Cytokines play a major role in the regulation of the immune system. Granulocyte-macrophage colony-stimulating factor (GM-CSF) has been shown to be useful for immunotherapy against glioma because it can stimulate dendritic cells to present tumor antigen. Interleukin-2 (IL-2) is involved in T-cell expansion, and interleukin-12 (IL-12) drives the T-helper cell type I response. Previous studies have shown that each of these cytokines alone can induce the regression of tumor cells. In the present study we postulated that peripheral infusion of GM-CSF along with either IL-2 or IL-12 and irradiated tumor cells can lead to increased survival from 9L brain tumors. 9L gliosarcoma cells (106) were implanted in the brains of syngeneic Fischer 344 rats. Osmotic minipumps were utilized for subcutaneous, continuous delivery of GM-CSF, either alone or with IL-2 or IL-12. Irradiated 9L cells were injected subcutaneously at various time points during treatment. Delayed-type hypersensitivity (DTH) and immunohistological analysis were used to further characterize the anti-tumor response. Treatment with GM-CSF and irradiated tumor cells led to an increase in survival rate in rats with intracranial 9L tumors when compared to untreated animals. The addition of IL-2 or IL-12 to the GM-CSF/tumor cell therapy further increased the survival rate up to 90%. The anti-tumor response was associated with vigorous DTH against 9L cells and increased infiltration of CD4+ and CD8+ lymphocytes into the tumor. These results suggest that the combined infusion of GM-CSF and other cytokines may be effective adjuvants in treating brain tumors.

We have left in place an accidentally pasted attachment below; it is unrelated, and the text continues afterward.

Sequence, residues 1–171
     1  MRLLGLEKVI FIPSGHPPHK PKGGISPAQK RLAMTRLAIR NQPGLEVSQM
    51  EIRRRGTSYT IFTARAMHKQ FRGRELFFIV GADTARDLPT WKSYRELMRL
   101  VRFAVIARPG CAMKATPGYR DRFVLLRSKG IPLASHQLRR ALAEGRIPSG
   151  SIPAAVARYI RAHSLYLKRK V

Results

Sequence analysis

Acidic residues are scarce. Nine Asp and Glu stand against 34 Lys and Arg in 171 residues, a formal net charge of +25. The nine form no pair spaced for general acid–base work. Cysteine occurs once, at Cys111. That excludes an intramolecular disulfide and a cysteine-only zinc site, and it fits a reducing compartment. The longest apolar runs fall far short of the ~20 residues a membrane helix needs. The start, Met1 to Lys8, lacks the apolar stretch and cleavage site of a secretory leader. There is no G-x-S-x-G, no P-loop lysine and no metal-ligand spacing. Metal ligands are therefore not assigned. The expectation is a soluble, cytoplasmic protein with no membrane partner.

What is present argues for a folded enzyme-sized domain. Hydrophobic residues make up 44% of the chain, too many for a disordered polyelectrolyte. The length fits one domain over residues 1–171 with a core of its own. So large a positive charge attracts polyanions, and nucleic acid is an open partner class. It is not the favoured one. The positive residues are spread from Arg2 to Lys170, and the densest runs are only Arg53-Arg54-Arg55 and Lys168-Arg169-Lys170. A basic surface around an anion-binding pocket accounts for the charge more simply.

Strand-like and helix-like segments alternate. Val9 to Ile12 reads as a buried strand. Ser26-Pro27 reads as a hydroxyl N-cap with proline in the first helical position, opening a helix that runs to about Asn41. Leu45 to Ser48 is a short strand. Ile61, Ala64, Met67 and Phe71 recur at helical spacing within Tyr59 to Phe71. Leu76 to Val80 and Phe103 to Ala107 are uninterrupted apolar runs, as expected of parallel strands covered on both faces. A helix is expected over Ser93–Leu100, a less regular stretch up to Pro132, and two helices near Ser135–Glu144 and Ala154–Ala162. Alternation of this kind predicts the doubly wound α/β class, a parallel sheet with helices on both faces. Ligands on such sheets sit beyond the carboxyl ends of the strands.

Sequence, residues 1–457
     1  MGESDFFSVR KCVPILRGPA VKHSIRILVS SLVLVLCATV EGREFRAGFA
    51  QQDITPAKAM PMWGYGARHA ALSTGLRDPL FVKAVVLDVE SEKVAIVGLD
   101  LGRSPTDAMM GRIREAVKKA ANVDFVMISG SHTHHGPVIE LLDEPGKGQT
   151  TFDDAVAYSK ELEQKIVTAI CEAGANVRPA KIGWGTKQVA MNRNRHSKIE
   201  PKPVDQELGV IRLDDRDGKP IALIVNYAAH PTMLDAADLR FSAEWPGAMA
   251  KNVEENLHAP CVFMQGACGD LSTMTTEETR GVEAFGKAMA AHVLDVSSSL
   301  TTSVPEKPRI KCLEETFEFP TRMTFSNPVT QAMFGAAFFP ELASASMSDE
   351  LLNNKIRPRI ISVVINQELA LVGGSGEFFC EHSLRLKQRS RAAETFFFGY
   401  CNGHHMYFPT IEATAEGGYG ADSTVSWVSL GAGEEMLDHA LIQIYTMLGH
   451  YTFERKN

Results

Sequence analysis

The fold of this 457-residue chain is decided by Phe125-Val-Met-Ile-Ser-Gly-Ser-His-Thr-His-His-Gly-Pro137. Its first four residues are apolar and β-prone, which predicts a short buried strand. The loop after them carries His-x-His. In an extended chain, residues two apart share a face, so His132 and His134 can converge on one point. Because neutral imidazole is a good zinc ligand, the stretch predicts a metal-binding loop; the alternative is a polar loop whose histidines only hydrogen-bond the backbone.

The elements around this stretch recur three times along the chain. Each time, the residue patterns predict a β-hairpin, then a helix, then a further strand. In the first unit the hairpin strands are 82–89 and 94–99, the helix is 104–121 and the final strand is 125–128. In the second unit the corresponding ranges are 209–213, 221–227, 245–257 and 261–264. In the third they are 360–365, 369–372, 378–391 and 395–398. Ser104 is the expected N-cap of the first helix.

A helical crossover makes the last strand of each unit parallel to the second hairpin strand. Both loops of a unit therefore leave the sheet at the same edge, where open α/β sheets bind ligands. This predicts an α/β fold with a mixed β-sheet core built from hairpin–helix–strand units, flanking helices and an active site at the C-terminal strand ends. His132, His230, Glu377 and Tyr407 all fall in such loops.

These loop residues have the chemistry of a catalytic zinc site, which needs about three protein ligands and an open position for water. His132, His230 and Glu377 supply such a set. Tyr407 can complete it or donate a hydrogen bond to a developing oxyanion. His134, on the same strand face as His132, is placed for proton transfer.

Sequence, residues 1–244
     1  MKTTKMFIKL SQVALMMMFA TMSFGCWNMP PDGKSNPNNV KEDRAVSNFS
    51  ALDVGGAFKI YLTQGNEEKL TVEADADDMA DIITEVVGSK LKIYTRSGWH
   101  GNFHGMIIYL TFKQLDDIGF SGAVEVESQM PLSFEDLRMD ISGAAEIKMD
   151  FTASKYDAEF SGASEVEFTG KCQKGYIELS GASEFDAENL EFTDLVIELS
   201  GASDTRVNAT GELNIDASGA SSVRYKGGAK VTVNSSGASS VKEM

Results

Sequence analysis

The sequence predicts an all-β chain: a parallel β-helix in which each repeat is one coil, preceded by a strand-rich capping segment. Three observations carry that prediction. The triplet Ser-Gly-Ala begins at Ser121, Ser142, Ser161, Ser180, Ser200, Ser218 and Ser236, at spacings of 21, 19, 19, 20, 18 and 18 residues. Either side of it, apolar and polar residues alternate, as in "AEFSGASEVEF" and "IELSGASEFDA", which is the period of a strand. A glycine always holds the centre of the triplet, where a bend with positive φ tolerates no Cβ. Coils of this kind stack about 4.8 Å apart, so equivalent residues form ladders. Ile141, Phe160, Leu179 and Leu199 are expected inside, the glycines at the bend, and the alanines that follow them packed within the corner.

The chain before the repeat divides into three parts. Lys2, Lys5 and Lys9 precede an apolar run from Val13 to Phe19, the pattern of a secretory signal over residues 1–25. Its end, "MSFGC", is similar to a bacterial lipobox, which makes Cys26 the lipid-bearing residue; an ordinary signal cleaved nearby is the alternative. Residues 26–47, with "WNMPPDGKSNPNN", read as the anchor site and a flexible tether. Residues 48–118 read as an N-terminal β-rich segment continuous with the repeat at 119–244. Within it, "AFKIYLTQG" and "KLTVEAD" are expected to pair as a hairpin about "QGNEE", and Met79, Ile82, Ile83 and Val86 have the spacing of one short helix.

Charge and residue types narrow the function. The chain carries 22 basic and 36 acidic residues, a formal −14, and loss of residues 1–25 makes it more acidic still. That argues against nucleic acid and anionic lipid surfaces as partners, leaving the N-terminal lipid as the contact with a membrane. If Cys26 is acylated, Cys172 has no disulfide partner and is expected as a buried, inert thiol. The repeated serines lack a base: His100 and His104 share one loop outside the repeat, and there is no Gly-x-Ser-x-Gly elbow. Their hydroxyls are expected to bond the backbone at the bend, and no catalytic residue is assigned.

|Original language||English (US)|
|Number of pages||11|
|Journal||Journal of neuro-oncology|
|State||Published - Jan 1 2004|
- Dendritic cells
- Granulocyte-macrophage colony-stimulating factor